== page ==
From the States and Municipalities:

Alabama – Stunning Emails Paint Alabama House Speaker Mike Hubbard as Desperate for Money, Favors – John Archibald | Published: 2/27/2015

Prosecutors released emails involving indicted Alabama House Speaker Mike Hubbard that show he was having financial problems and was hitting up high-placed lobbyists and friends for assistance. The court filing is the first glimpse of the evidence against Hubbard, who will go to trial on ethics charges in October. The emails depict Hubbard as stressed after losing his job. He asks former Gov. Bob Riley and others for help in finding a job or investors in his company. An executive at a company paid by the Alabama Republican Party complained in an email they were being “forced” to use Hubbard’s company for campaign printing work. Prosecutors say Hubbard used his political position for financial benefit. Hubbard’s defense lawyer said the filings were designed to mislead the public.

Arizona – Court Skeptical of Arizona Plan for Less-Partisan Congressional Redistricting
New York Times – Adam Liptak | Published: 3/2/2015

The U.S. Supreme Court appeared skeptical of a voter-approved plan that stripped Arizona lawmakers of their role in drawing congressional districts in a bid to remove partisan politics from the process. The court’s conservatives asked questions during the argument that indicated there could be a majority willing to find the ballot initiative violated the U.S. Constitution’s requirement that state Legislatures set congressional district boundaries. About a dozen states have experimented with redistricting commissions that have varying degrees of independence from the state Legislatures, which ordinarily draw election maps. Should the justices reject Arizona’s commission, at least one other, in California, is also likely to be in peril.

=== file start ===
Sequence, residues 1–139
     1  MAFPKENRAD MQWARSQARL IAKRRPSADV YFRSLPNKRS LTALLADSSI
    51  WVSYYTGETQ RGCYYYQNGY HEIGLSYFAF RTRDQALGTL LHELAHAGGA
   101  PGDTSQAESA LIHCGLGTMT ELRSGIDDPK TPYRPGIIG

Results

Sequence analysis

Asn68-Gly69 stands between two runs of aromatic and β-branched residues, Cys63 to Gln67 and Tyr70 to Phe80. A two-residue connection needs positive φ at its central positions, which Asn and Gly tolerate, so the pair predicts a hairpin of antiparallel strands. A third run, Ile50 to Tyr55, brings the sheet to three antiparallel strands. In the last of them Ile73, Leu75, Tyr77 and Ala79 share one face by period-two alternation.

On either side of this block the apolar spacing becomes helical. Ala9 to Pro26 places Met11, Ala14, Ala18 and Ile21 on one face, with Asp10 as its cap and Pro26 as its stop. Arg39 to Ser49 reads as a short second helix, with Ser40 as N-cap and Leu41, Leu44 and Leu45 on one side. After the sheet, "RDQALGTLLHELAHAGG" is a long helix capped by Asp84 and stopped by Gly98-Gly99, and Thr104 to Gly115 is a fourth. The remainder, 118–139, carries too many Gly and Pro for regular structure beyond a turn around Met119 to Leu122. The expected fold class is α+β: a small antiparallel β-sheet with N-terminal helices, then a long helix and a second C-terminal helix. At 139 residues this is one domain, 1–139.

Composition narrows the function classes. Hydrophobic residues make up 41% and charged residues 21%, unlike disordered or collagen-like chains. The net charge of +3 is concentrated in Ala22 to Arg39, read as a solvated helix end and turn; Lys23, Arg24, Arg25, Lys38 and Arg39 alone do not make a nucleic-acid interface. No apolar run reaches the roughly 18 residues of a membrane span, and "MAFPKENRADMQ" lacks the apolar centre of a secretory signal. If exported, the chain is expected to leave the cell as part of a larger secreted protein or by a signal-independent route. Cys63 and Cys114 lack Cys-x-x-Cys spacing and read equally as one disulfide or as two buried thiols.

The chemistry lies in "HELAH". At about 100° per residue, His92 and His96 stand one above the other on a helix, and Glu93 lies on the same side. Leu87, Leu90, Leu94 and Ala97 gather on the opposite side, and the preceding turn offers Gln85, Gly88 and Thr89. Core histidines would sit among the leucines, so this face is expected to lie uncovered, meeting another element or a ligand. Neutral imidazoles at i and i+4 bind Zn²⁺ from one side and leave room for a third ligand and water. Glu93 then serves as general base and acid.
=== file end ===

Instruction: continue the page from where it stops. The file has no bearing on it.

California – Backers of Prop. 8 Marriage Initiative Lose Disclosure Case
San Francisco Chronicle – Bob Egelko | Published: 3/2/2015

The U.S. Supreme Court turned away an appeal from same-sex marriage opponents in California who want to keep the identities of their campaign donors secret. The justices let stand a lower court ruling against, the National Organization for Marriage, and other supporters of a 2008 ballot initiative that outlawed same-sex marriages in California until the ban was overturned five years later. The groups sought to conceal their past and future campaign finance records because they feared harassment of donors. The Ninth U.S. Circuit Court of Appeals ruled against them, in part, because the names have been publicly available for five years. State law requires political committees to identify those who contribute more than $100 during or after a campaign, along with the donor’s address, occupation, and employer.

California – Eric Garcetti’s Mayor’s Fund Lets Companies Give Big
Los Angeles Times – Peter Jamison, Doug Smith, and David Zahniser | Published: 3/3/2015